Japanese Cars Continue To Suffer In China

Bertel Schmitt
by Bertel Schmitt

Sales of Japanese car in the world’s largest car market, China, continue to be impacted by the war of words (and occasionally sledge hammers) over uninhabited rocks in the East China sea. Sales are inching up a bit after customers dare to come back to the showrooms of Japanese brands.

Sales Of Japanese Carmakers In ChinaDecemberFull Year 2012, UnitsYoYToyota-15.9%840,500-4.9%Nissan-24.0%

1,181,500-5.3%Honda-19.2%598,577-3.1%Data: Companies via Reuters, Nikkei

This is the way it looks in December. Sales are still down by the double digits for the month. Sales are down only slightly for the year, but this is because the trouble started in September, and before that, sales were good. The next months likely will look similar, with a slight uptrend. It will be a while until Japanese carmakers have regained trust and market share in China. Data as reported by Reuters and The Nikkei.

In Japan, the numbers will look different. Japan is on a fiscal year, which goes from April through March. The current fiscal will be impacted by seven months of slow sales in China.

Bertel Schmitt
Bertel Schmitt

Bertel Schmitt comes back to journalism after taking a 35 year break in advertising and marketing. He ran and owned advertising agencies in Duesseldorf, Germany, and New York City. Volkswagen A.G. was Bertel's most important corporate account. Schmitt's advertising and marketing career touched many corners of the industry with a special focus on automotive products and services. Since 2004, he lives in Japan and China with his wife <a href="http://www.tomokoandbertel.com"> Tomoko </a>. Bertel Schmitt is a founding board member of the <a href="http://www.offshoresuperseries.com"> Offshore Super Series </a>, an American offshore powerboat racing organization. He is co-owner of the racing team Typhoon.

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  • BigMeats BigMeats on Jan 07, 2013

    Japan is kindly addressing the issue by ceasing to reproduce.

  • Blowfish Blowfish on Jan 08, 2013

    Is like some kid in trading a 20 dollar bill for a couple of shiny gold dollar coin. What do they really see in those couple of tiny islands? Is there any difference in investing heavy with Bernie Maddof and try to convince oneself is going to be a big gain? at the moment Nippon is convincing herself nothing matters and even all the car, appliance sales went totally south will justify in the end with the payoff of the tiny islands. Nippon's economy is not exactly doing splendidly could use a lot of help from the voracious consumer appetite of middle kingdom for anything that either moves or make noises.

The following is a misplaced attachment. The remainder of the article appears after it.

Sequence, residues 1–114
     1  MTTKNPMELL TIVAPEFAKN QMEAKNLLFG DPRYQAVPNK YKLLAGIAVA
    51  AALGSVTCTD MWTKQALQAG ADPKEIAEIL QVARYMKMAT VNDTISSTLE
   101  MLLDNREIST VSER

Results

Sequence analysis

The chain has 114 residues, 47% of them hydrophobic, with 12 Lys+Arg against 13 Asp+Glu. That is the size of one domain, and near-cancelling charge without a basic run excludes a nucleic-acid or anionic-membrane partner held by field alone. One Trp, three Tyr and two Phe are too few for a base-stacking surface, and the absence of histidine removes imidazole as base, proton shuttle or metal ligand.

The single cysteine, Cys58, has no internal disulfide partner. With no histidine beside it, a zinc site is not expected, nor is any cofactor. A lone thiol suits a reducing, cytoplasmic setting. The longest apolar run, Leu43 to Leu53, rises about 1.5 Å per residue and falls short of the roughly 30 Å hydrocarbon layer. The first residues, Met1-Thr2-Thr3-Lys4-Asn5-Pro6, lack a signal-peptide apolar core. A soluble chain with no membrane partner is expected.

• Phxmotor Phxmotor on Jan 09, 2013

    As the Op'er... this has gotten a bit off topic. The subject matter originally being discussed is the possible reasons for Japanese vehicles loosing market share in China. The WW2 atrocities from Japan tward China were horrible. My 1st girlfriend in high school had a father who lived thru the Batan Death March and the subsequent years of living hell ... and his stories are almost tame compared to what Chinese civilians suffered. The words "horrible suffering" do not carry enough strength. Horrible x2...x3...x4 would maybe be better. In Chinese families these true and horrible stories are passed carefully thru generations. A Chinese person of today generally will respect Japan's economic model and also respects Japan's technical accumen. But most well informed Chinese families also are careful to pass to the younger generation an awarness of the very real atrocities that the Japanese Army inflicted. The same type of stories have thru history always instilled a boycott"ish" attitude. That's all I was originally saying.

  • Infinitime Infinitime on Jan 09, 2013

    You're right, my apologize for straying off topic... Your assessment of Chinese sentiments is more or less spot-on. Respect for the incredible achievements that the Japanese people have been able to make since WW2, particularly given their limited access to natural resources, but also disdain for the Japanese government's constant white-washing of war atrocities. Notice that despite the US's position in supporting Japan on the disputed islands issue, there is no widespread call or support for boycotting American goods? In fact, Ford and GM sales are both up in the middle kingdom! This really take the wind out of the sails of those who suggest that the popular resentment is being worked up by the government. If that was the case, the boycott would be more widespread to include American products. I've always found it particularly ironic that one of the most successful brands in China is Mitsubishi, a company which was very involved in the Japanese war efforts, both in armament production and utilizing slave labor in its mining operations... Anyhow, the current drop in sales for Japanese cars is not likely to change that much in 2013.